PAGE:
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Re: Regarding Phytodinosauria...

In a message dated 95-08-13 00:16:53 EDT, you write:

<<   To get back to our discussion of a couple of days ago.  You said tha=
prosauropods were more advanced than brontosaurs and therefore closer to
ornithischians.  Why is it that you believe this? >>

All sauropod feet had five well-developed pedal digits, with digit V havi=
two phalanges in the most primitive forms. In prosauropod feet, digit V w=
nearly vestigial, with at most one phalanx. This change is evolutionarily=

irreversible; you won't re-evolve a new phalanx or a new digit once it's
lost. Sauropods were also primitive in retaining a jaw architecture with =
articulation point with the skull at the same level as the dentary tooth =
In the more advanced prosauropods, the jaw articulation point was markedl=
below the dentary tooth row. So those "advanced" prosauropods at least
diverged from sauropods before acquiring the lowered articulation point. =
or two sauropod genera (maybe families) later developed a lowered
articulation point (and a well-developed coronoid eminence, as in
_Giraffatitan_, which you know better as _Brachiosaurus brancai_), but th=
acquired this character independently, and it was developed not nearly to=
extent seen in prosauropods.

<<  Also, how is it that you define the ornithischia cladistically?  I wo=
say Segnosauria (Therizanosauroidea) + Predentata. >>

An interesting thought, to add the segnosaurs to the base of Ornithischia=
But I think they were still too prosauropod-like to be considered
ornithischians; not enough "ornithischian" derived characters. Segnosaurs=

shared only one key derived character with ornithischians, namely, the
opisthopubic pelvis. Otherwise, the segnosaur pelvis was very different f=
those of the other phytodinosaurs, the result of a lengthy and entirely
undocumented Jurassic history as a distinct evolutionary lineage (which
justifies retaining Segnosauria as a separate order within Phytodinosauri=
Ornithischians were highly derived phytodinosaurs, separated from the oth=
members of the clade by a suite of familiar characters (predentary bone,
reduced antorbital fenestra and fossa, ilium with well-developed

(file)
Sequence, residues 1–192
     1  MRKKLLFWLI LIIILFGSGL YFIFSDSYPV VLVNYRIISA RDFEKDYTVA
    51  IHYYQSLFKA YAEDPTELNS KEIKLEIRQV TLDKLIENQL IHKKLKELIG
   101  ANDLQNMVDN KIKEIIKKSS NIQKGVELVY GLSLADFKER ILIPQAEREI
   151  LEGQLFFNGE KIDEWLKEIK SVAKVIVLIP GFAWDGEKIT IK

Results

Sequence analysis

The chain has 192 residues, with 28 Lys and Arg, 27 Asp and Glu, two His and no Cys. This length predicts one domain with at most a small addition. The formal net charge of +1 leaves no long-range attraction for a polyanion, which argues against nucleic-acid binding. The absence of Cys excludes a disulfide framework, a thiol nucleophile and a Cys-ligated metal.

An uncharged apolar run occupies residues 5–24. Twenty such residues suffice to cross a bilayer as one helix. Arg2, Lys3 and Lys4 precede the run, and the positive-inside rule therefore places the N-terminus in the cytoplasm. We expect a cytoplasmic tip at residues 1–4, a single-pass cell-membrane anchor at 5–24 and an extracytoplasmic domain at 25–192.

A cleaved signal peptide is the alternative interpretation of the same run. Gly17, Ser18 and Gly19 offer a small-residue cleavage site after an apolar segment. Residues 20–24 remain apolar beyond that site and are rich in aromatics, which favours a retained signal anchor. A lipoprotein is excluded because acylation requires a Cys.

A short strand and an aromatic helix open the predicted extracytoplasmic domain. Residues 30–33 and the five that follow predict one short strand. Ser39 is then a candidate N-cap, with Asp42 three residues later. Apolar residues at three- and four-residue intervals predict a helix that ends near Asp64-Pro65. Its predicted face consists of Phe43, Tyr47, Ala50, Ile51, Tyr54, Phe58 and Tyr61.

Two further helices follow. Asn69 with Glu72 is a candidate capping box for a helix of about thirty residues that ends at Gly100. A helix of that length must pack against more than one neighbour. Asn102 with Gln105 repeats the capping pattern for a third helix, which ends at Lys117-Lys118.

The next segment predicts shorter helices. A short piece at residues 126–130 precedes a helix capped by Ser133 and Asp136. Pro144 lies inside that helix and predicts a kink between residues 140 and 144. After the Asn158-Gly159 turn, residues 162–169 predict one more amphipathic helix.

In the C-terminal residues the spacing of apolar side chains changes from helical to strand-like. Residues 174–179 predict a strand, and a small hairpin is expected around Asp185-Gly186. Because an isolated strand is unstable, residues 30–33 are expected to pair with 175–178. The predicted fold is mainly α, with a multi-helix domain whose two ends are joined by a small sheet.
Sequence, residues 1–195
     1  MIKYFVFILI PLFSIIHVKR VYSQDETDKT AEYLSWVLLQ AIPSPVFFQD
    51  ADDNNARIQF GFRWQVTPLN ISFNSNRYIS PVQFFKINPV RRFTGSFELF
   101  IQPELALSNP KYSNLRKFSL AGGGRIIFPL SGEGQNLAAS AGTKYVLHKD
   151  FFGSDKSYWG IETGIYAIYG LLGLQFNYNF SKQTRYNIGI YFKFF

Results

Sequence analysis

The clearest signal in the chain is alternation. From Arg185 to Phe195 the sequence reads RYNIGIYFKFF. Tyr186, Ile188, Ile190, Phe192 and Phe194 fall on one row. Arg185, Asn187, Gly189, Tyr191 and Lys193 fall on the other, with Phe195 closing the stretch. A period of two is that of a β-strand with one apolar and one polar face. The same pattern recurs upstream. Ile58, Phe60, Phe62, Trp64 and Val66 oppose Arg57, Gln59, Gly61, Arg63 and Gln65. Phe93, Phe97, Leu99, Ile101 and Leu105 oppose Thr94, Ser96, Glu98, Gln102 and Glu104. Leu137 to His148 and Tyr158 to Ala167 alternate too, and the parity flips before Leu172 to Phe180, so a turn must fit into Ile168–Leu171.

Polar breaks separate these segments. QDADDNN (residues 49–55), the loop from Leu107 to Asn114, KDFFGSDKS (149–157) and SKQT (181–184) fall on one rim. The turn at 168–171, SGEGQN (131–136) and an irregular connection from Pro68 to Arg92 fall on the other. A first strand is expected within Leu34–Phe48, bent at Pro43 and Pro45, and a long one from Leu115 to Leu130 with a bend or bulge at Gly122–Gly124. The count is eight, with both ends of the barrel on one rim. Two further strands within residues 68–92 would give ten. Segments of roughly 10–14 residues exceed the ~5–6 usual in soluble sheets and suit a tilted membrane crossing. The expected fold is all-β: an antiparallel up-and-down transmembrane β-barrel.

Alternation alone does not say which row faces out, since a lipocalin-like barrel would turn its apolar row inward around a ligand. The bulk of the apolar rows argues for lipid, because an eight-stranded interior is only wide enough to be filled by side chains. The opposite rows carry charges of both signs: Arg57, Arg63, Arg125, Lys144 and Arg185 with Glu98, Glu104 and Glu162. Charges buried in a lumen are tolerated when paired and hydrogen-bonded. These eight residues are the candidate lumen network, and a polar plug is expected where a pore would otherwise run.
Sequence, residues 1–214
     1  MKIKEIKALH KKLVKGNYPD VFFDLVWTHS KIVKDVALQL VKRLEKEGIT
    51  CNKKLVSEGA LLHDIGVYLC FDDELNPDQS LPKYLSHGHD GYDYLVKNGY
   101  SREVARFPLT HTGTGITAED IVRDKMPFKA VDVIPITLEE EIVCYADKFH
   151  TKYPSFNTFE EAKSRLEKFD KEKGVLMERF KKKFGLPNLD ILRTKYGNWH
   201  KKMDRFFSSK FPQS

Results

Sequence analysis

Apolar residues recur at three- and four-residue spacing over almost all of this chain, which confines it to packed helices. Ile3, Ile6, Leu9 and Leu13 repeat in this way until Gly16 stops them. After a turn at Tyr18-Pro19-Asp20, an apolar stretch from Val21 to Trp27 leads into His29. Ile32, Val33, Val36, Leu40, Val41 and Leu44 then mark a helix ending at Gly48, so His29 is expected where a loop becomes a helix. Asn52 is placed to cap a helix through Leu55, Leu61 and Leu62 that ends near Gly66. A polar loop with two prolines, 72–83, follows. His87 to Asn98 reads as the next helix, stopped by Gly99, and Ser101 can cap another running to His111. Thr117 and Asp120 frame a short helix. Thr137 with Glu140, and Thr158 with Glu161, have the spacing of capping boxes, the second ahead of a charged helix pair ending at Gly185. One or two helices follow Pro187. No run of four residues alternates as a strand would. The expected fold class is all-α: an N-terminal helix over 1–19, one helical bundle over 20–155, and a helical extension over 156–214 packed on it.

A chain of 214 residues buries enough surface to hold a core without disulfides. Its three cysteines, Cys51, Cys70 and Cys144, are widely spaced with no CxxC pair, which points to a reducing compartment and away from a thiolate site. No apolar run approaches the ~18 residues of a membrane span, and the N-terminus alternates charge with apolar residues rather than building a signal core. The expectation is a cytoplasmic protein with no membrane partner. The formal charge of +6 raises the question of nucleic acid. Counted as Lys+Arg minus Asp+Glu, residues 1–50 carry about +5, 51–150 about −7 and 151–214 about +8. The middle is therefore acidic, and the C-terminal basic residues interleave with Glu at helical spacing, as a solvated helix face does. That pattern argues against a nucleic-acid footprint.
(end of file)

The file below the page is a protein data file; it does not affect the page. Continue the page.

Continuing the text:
preacetabular process, pedal digit V vestigial or absent, etc.). I would =
Ornithischia =3D Predentata.

<< Also, what about that name priority for the segnosaurs?  Should it rea=
be therizanosauroids?  I really hope it doesn't turn out to be
therizanosauroids; I dislike extremely scientific words that have more th=
five sylables and are extremely difficult to pronounce (phytodinosauria i=
easy to say).>>

ICZN rules do not govern names above family level. I retain Segnosauria a=
the name of the order, subdivided into three families: Alxasauridae,
Segnosauridae, Therizinosauridae (in cladistic order from least to most
derived). It is quite possible that further discoveries will show
Segnosauridae =3D Therizinosauridae, in which case the name with priority=
Therizinosauridae (sorry). But Segnosauria can (and should) always be use=
d as
the name of the more inclusive clade. Alxasauridae may be paraphyletic, f=
it would contain the common ancestor of the known Segnosauria; that would=
bother me, but it would bother cladists, so they should simply use the ge=
_Alxasaurus_ as the monophyletic outgroup to the other segnosaurs.

<<  Anyway... it's too bad that smushed letters (yes I know, ligatures)
aren't allowed in scientific names anymore.  I could understand why they =
banned in the sixties because of the difficulty in printing them, but now=
with computers that can print ligatures easily, wouldn't it be better to
accept them as the correct spelling?  What about umlatzes?  _Tro=F6don_ s=
almost always to be spelled with an umlatz, is that still correct? >>

Not umlatz: umlaut. Diacritical marks of any kind are dropped from zoolog=
names, so the correct spelling is _Troodon_. Incidentally, your diacritic=
marked letters and ligatures print fine on my computer, but when I try to=

transmit such characters through the dinosaur list, they come out with cr=
formations and equals signs. Somewhere along the line, there is an
evolutionary bottleneck that irreversibly changes the characters...

<< And, do you know how to say Teresa Maryanska's last name?  There is a
diacritical mark on the "n".>>

I'm not sure (and I should be, since I once knew a little Polish), but th=
"accented n" is pretty close to the Spanish "tilde n" -- like the "ny" so=
in "Nyah, nyah."

<<Hoping that I can write _C=9Clophysis_ and _Opistic=9Clocaudia_ and be =
some time in the future.>>

Hoping against hope, eh?